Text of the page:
Another area of innovation is water technology, which covers all technologies to increase water supply. Israel's water capabilities are leading the transition to sustainable water management through a wide range of technologies: energy-efficient desalination, which turns seawater into fresh water, environmentally friendly biological wastewater treatment for cost-effective water reclamation, smart irrigation for reduced water consumption and increased yield.

Yoram Elron, Israeli Ambassador

December 18, 2019. Meeting with members of Bulgaria-Israel Parliamentary Friendship Group

Tourism is also an important component of our bilateral relations as over 250,000 Israelis visit Bulgaria every year. They appreciate the Bulgarian hospitality, nature, rich history, culture and cuisine. Yet, there are still regions that are yet less well known to Israeli visitors. For example, in July I visited Vidin – a beautiful town with many historical sites, and a place with a very promising future, which could easily fit in on the tourist map for Israelis. The town administration has set as a priority the restoration of the Synagogue building, which was the second largest in Bulgaria and is unique in its architectural ornaments.

Bulgaria is as well a popular destination for health tourism and wellness. The country has a rich traditional background. Many spa resorts across the country offer a variety of specialised professional service and have the potential to become a destination of choice for health tourists from Israel.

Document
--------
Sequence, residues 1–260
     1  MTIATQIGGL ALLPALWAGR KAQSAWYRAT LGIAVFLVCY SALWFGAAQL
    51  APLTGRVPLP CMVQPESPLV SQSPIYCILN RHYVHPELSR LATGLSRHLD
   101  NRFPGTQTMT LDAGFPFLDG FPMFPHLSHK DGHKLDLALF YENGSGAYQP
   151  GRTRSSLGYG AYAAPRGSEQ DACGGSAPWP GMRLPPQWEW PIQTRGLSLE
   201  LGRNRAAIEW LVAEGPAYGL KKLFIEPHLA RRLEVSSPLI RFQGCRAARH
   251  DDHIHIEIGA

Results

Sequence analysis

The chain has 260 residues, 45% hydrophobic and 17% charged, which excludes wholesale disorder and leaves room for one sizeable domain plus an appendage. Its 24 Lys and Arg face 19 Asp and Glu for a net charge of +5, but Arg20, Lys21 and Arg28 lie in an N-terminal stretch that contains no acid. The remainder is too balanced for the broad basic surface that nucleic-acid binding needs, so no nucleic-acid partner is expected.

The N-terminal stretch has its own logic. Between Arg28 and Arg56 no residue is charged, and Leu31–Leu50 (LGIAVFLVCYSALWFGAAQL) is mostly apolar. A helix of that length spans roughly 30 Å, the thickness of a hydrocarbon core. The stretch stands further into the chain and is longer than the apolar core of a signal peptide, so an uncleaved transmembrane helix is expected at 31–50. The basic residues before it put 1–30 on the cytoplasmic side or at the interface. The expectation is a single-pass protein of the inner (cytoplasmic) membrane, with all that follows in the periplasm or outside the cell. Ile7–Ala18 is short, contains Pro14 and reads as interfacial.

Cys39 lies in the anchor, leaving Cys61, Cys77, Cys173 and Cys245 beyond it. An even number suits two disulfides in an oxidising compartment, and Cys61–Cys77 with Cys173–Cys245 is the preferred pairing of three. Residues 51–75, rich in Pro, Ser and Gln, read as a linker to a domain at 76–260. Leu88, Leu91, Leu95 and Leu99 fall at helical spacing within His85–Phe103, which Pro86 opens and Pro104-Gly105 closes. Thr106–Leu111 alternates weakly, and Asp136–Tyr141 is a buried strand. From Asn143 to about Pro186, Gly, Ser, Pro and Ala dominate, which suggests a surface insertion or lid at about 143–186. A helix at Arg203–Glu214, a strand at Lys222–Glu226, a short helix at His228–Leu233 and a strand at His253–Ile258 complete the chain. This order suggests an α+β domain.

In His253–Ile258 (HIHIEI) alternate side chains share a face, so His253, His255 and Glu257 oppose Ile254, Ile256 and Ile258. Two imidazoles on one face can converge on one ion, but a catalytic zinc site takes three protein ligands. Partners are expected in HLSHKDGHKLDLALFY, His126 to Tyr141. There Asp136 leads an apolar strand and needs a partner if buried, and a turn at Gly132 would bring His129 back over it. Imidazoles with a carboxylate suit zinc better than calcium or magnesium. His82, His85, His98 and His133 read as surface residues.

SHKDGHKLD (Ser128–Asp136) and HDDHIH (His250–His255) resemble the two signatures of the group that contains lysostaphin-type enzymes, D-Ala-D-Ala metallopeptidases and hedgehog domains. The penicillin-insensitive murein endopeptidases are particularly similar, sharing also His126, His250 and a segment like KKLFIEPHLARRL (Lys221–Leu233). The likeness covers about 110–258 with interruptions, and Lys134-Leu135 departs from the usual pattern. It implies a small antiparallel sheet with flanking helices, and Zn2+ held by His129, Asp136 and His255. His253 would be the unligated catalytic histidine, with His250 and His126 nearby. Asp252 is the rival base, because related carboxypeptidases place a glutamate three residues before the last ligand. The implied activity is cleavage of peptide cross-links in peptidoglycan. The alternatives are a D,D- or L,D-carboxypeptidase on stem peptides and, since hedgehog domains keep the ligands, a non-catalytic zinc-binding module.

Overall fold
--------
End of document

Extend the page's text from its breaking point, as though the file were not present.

What were your impressions when you arrived in Bulgaria? And what has changed now, a year after you stepped in as an ambassador in Sofia?

I consider myself extremely fortunate and privileged to be posted as ambassador of Israel to Bulgaria. Every day this sentiment gets stronger. The friendship towards Israel is heartwarming and inspiring. It is also a source of motivation to strive continuously to enhance and strengthen the bilateral relations even further.

I have been in Bulgaria for just over a year, but it does not take that long to come to appreciate and admire it. My family and myself, as we travel around the country, never cease to be amazed by its rich history, beautiful diverse landscapes and nature, as well as by the extremely hospitable warm people. Today, I can also fully appreciate why Bulgarian cuisine has made a name for itself around the world, although I have to admit that I am still trying to adjust to the taste of the many varieties of rakiya that are produced here. 

Yoram Elron, Israeli Ambassador to Bulgaria since August 2019, has been a member of the diplomatic service for 32 years. Prior to his arrival in Bulgaria, he was the Deputy Director General for Africa at the Israeli Foreign Ministry. His missions abroad include Ambassador of Israel to Cameroon, Consul General of Israel to Quebec and the Atlantic Provinces, Canada, Roving Ambassador to Madagascar, Congo and Gabon. He holds an MA in Political Science and BA in International Relations from the Hebrew University of Jerusalem. 



Issue 169